Before we get to the Great Wheel, let’s talk about the Transitive Planes. There does not need to be both an Ethereal and an Astral plane. Both are functionally identical; collapse them into each other and keep the best parts of each. The same Astral—the name has more cultural cache, so I’ll pick that one to keep—connects the Prime Material Plane, the Parallel Planes of Ginnungagap, Faerie and Shadow, and provides a medium to get to the other, strange planes beyond. Think of it as another spatial dimension, if you like, filled with an aetheric substance, as per the classical elements.
The Prime Material Plane…well, I think it should be bigger than just “your game world.” In fact I think it should pretty much just be Spelljammer. That isn’t to say I think Spelljammer should be a default component of every setting, but rather that I think if you squint hard enough, its cosmology should be. Campaign settings are “planets”—not necessarily heliocentric or even round—in some kind of “solar” system, with all that wrapped up in a crystal sphere. Other campaign settings are reachable by exiting the sphere and traveling there. While I am thinking about it, I should mention that I think Spelljammer would be a natural evolution of or supplement to Eberron’s dungeonpunk motif.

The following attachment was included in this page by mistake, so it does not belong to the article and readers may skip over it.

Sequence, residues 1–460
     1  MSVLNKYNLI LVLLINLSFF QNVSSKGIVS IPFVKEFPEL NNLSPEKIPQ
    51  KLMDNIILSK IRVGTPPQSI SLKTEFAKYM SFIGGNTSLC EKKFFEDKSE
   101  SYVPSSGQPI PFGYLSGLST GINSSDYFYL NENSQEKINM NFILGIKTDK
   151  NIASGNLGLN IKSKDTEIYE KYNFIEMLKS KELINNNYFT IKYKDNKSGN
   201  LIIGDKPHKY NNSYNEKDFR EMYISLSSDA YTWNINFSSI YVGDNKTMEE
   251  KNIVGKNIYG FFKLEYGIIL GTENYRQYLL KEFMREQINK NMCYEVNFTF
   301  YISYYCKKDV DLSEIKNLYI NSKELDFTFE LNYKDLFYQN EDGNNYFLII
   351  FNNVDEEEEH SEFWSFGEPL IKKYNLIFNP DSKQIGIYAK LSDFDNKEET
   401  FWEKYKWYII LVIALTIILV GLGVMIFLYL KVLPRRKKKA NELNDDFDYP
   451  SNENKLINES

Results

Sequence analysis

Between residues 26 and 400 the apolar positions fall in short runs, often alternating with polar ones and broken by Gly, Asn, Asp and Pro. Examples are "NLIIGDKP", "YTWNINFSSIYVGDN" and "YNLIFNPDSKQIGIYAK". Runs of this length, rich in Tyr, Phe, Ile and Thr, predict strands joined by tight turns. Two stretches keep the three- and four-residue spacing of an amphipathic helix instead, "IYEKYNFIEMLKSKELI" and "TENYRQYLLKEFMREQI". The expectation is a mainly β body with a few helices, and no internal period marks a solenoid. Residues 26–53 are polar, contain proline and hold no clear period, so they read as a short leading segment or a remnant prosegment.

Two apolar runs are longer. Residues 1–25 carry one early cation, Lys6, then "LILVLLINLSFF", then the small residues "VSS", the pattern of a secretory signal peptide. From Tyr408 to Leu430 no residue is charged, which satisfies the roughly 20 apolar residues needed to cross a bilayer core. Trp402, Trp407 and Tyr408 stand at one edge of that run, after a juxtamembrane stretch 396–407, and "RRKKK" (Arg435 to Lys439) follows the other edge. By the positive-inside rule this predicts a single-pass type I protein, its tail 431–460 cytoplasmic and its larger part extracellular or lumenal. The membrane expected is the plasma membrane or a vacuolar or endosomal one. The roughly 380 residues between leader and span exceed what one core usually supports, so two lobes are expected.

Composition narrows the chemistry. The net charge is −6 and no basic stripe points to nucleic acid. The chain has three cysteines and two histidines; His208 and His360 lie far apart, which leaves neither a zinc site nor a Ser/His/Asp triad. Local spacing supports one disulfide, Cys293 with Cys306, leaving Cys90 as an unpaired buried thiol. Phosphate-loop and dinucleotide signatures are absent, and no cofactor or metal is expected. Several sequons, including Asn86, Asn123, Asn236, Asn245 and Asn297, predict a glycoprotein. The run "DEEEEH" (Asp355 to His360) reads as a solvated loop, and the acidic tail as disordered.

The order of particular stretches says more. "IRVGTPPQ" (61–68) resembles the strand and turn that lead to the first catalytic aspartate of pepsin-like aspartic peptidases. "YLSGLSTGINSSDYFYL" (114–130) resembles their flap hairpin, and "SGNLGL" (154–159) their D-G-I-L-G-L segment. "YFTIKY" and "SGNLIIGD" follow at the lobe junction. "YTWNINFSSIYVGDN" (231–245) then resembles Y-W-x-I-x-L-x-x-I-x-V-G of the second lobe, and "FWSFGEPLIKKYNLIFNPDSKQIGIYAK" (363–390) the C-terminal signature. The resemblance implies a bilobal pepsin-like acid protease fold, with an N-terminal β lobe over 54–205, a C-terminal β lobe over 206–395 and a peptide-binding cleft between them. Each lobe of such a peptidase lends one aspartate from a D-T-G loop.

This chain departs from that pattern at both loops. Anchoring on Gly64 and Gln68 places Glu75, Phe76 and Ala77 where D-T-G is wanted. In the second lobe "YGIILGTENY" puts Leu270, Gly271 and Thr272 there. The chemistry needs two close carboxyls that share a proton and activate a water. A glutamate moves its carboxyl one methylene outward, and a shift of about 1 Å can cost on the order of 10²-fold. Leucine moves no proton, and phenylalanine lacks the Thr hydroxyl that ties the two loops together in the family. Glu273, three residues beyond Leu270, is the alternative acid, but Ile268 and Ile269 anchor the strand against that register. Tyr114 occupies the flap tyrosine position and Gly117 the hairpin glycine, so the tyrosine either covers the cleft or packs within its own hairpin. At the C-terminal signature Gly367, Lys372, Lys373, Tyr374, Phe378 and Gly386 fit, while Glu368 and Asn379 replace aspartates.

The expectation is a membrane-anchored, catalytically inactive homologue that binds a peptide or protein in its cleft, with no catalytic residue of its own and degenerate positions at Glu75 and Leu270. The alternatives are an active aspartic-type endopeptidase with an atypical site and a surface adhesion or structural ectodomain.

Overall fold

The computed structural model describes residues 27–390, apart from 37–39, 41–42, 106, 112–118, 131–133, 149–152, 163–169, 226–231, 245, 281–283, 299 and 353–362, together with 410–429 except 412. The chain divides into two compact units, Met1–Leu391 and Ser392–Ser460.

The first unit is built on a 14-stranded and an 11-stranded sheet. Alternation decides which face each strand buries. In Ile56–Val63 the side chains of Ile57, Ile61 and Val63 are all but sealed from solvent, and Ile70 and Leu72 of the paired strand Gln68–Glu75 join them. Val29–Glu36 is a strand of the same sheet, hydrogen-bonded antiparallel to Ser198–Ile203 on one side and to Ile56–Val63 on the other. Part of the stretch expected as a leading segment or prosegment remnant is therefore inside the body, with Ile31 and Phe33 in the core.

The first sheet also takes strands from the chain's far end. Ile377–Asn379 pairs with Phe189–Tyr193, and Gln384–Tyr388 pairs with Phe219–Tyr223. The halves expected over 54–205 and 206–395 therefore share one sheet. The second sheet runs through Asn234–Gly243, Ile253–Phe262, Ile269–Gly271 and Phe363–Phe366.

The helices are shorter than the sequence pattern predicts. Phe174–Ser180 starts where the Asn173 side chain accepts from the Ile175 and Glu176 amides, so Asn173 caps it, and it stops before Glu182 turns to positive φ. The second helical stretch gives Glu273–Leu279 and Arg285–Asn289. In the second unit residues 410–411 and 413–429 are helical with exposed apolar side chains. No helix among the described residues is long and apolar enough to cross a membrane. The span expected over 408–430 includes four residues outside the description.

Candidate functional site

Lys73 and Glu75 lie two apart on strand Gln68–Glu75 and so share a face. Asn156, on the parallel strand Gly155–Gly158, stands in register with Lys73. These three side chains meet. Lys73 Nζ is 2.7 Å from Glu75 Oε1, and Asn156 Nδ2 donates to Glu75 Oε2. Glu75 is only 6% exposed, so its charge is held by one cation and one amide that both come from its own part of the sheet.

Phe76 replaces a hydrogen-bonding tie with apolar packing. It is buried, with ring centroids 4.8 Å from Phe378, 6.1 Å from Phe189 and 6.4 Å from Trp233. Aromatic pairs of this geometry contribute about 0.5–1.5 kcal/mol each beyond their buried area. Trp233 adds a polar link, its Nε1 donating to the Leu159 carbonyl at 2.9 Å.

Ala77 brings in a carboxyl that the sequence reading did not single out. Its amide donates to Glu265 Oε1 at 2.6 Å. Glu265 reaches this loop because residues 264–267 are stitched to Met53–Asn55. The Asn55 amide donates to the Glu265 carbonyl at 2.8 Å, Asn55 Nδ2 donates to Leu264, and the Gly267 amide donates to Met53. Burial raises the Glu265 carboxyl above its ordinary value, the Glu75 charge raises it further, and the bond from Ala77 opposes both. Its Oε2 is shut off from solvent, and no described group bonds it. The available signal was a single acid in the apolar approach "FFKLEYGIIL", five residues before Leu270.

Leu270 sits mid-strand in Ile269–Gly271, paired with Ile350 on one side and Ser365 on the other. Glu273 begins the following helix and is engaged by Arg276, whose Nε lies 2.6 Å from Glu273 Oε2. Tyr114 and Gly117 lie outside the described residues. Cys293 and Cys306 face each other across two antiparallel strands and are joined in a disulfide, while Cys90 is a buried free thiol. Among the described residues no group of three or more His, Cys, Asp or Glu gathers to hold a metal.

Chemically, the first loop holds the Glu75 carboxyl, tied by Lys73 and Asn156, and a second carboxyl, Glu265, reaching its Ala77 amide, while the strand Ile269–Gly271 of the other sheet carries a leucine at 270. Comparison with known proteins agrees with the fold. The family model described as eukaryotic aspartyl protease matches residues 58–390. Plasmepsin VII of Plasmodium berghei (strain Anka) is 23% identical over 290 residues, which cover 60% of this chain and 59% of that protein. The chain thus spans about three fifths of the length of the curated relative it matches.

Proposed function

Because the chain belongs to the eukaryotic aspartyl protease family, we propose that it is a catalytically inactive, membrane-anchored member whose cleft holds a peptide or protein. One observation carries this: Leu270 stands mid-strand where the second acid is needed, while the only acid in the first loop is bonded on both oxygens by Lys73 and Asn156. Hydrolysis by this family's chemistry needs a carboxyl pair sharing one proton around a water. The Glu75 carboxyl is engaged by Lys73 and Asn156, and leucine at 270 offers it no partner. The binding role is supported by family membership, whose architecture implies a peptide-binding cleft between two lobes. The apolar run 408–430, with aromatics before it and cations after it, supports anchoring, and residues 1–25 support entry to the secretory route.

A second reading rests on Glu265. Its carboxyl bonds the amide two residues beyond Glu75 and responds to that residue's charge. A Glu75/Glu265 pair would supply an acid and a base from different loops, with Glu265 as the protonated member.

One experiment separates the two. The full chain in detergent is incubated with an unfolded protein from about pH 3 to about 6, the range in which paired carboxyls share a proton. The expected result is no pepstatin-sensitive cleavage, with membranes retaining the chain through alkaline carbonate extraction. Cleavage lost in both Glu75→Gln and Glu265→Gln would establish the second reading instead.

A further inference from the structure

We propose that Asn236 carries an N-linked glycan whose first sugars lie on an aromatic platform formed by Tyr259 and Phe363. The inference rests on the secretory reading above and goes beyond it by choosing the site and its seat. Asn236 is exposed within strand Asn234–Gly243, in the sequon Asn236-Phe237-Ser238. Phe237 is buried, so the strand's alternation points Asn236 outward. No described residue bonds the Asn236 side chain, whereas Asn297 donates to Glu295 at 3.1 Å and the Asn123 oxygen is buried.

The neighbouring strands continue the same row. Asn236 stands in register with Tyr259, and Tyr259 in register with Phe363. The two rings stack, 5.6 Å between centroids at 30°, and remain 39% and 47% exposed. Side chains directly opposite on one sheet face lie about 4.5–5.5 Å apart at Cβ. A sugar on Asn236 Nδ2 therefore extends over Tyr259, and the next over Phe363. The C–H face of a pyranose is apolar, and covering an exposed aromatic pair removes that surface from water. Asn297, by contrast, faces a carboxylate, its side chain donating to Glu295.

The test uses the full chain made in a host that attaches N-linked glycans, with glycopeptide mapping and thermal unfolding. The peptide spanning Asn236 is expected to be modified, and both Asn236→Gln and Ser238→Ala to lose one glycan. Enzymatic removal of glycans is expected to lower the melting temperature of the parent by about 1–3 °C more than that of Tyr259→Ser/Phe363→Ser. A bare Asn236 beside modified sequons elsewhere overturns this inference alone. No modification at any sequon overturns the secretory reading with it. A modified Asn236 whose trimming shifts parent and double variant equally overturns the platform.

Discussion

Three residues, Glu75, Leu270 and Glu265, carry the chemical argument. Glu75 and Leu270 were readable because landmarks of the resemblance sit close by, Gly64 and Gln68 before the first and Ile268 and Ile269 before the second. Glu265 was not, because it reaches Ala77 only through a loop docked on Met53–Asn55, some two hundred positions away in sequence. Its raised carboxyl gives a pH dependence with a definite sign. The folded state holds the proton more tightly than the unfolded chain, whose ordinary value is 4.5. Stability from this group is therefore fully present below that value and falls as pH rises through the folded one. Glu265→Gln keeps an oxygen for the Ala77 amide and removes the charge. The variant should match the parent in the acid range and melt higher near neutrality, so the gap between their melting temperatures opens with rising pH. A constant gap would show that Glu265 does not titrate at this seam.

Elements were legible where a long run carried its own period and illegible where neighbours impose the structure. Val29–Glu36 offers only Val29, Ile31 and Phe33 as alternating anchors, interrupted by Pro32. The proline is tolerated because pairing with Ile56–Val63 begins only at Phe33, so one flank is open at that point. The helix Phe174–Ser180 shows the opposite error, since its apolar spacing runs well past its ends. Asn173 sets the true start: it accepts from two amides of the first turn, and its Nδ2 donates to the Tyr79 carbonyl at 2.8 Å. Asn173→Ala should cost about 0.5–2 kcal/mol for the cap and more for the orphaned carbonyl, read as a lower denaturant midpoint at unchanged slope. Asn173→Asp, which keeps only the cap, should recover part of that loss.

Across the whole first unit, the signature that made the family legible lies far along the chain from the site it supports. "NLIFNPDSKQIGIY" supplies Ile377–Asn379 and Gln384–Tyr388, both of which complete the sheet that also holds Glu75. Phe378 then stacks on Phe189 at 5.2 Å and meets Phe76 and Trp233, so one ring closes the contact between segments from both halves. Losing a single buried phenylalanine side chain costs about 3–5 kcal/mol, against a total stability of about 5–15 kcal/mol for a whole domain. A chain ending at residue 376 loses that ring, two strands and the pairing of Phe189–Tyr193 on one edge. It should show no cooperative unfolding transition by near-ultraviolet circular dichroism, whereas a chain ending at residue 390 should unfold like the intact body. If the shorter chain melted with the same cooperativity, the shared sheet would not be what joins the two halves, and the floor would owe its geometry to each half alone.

I’m a Planescape partisan. As far as I’m concerned, the best place for high level play is the Outer Planes. There, some of the goofiness of a High Fantasy game can be mitigated; sure you can raise the dead, kill archfiends and travel between worlds; of course you can. It would be weird if you didn’t, berk! So yes, put the Spire and Sigil in the middle of the Outer Planes, fill it full of cutters speaking in a madcap, cobbled together slang, all under the nose of the enigmatic Lady of Pain. By and large the Outer Planes are pretty great, and I’d make only a few tweaks to them.
Pathfinder has the Four Horsemen ruling their Neutral Evil plane; that is pretty great. Yoink. The Celestia of Fourth Edition, I’d bring that over. I’d add more strains of Platonic Idealism to Mechanus. Small nudges. I’d also make sure that different settings focus on different planes; a Viking inspired campaign would play up Ysgard and Acheron—perhaps calling the latter Hel—while an Oriental Adventures game could call Arcadia Tian—under the rule of the August Emperor of Jade,—and view Pandemonium as Diyu or maybe focus on Youdu as a city within Pandemonium. Relativism!